ID Those Insects
Yellowing stems? Holes in leaves?
Colorado potato beetles are fairly easy to identify because of their distinctive stripes.
Though the vast majority of the insects in our gardens are harmless — or even beneficial — some of them are definitely pests. A little knowledge about the basic life cycle and feeding habits of these pests will go a long way in helping you recognize and effectively address the problems they can cause. Note: for simplicity's sake, we're considering mites, snails and slugs (which are not true insects) as insect pests.
Sucking insects: Aphids, leafhoppers, and harlequin bugs feed by inserting their long mouth parts into plants and sucking out the juices. As they feed, some of these insects can also transmit plant viruses. Typical signs of sucking damage include an overall weakening of the plant; yellowed, brown or wilted leaves; and a sticky substance or sooty black mold on the leaves (this is a common indicator of aphid activity). Unlike most insect pests, these sucking insects look like adults as soon as they hatch from the egg.
Chewing insects: This group includes caterpillars and beetle larvae, such as the Colorado potato beetle, cabbage worms, and tomato hornworms. These pests can be voracious feeders that chomp down entire leaves and completely defoliate plants. They may also do nothing more than nibble leaf margins or pepper leaves with tiny bites. Most chewing insects go through a complete metamorphosis, from eggs to larvae to pupae to adults, changing appearance at each stage. Different insects cause damage at different points in this cycle, sometimes in more than one stage (the Colorado potato beetle, for example, is destructive as a nymph and as an adult).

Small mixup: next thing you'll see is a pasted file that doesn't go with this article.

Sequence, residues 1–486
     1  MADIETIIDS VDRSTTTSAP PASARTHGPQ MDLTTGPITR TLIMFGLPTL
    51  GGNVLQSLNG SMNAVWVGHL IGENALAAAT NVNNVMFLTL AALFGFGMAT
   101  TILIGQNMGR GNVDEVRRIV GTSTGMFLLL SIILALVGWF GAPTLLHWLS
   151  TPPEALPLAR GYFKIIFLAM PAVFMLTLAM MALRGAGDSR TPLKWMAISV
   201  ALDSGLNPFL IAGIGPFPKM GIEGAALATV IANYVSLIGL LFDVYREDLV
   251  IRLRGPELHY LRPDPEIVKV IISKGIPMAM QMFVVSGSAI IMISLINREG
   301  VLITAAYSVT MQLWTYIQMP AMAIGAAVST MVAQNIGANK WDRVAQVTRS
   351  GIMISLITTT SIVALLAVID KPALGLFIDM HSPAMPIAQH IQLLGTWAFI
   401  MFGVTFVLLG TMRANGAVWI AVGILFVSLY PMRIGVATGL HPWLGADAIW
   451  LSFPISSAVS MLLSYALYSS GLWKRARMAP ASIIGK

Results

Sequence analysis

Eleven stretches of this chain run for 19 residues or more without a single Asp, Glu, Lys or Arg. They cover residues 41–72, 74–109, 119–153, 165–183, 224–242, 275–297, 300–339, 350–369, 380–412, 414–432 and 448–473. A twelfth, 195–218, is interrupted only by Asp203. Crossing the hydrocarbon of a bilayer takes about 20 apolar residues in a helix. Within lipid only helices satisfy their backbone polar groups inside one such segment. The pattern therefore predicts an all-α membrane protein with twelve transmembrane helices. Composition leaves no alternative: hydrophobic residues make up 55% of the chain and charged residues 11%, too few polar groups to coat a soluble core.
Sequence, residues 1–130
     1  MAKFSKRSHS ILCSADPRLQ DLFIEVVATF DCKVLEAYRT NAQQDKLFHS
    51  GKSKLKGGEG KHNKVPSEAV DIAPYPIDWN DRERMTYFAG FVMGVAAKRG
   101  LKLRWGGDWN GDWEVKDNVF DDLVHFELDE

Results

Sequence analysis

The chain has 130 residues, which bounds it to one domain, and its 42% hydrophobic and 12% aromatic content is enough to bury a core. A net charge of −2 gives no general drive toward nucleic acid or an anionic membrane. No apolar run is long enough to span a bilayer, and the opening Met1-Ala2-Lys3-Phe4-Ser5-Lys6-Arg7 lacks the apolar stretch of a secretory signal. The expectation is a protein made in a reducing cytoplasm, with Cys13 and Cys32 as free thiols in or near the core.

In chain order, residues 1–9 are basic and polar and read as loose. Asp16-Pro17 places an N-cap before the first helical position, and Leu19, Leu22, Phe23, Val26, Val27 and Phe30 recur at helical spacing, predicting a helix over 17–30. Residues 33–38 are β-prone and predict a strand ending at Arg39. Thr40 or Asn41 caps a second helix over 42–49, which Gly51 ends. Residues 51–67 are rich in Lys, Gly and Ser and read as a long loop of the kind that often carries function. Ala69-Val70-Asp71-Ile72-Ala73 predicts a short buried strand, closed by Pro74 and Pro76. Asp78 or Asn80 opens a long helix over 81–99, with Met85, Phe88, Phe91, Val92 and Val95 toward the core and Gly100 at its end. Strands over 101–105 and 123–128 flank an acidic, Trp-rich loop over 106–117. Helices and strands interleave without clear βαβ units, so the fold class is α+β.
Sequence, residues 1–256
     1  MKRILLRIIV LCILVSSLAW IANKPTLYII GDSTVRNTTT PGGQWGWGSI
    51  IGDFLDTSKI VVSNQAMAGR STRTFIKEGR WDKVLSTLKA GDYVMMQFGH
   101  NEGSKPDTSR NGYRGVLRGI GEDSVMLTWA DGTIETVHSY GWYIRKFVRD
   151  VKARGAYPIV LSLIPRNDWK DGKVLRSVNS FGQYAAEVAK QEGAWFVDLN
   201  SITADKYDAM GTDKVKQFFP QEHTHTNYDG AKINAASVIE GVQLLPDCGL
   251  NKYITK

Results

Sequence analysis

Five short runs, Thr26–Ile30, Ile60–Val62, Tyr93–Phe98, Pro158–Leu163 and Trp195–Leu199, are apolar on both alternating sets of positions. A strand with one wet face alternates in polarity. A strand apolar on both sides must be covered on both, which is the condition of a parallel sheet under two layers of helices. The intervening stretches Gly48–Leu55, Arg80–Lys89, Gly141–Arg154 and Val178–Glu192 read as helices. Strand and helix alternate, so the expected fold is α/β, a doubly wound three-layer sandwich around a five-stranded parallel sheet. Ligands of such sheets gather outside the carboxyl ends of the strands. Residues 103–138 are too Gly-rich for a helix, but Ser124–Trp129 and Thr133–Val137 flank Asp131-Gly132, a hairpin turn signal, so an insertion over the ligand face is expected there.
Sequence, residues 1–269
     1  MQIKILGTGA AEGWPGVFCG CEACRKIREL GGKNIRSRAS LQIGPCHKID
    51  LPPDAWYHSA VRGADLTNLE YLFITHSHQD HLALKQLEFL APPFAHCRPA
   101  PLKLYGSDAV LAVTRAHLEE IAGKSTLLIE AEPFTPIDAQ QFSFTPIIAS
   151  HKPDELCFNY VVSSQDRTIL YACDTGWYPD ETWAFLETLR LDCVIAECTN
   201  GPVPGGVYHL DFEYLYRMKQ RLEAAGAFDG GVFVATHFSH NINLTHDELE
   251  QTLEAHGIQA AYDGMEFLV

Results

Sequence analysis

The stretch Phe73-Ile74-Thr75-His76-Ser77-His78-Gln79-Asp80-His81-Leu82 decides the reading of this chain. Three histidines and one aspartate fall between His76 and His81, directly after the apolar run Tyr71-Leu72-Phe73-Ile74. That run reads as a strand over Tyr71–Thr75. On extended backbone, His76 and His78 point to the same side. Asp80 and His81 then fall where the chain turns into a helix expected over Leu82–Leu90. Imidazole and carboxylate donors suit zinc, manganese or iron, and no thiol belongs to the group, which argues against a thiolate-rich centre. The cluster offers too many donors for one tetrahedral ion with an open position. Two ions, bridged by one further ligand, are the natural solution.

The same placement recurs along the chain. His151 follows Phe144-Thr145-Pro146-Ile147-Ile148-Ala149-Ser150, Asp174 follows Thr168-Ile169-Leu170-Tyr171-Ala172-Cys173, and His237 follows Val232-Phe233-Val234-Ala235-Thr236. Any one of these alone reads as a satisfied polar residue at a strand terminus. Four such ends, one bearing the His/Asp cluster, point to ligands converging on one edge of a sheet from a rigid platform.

In general, insects are easiest to control during the egg stage. Remove the eggs (they're often found on the undersides of leaves) and dispose of them. Many insects reproduce more than once during a season. Keep your eyes open all summer long for adults who may be laying eggs, newly deposited egg clusters, and newly-hatched larvae. Larvae and nymphs can overwinter in the soil or in plant debris, so garden cleanup in the fall is a good means of prevention.
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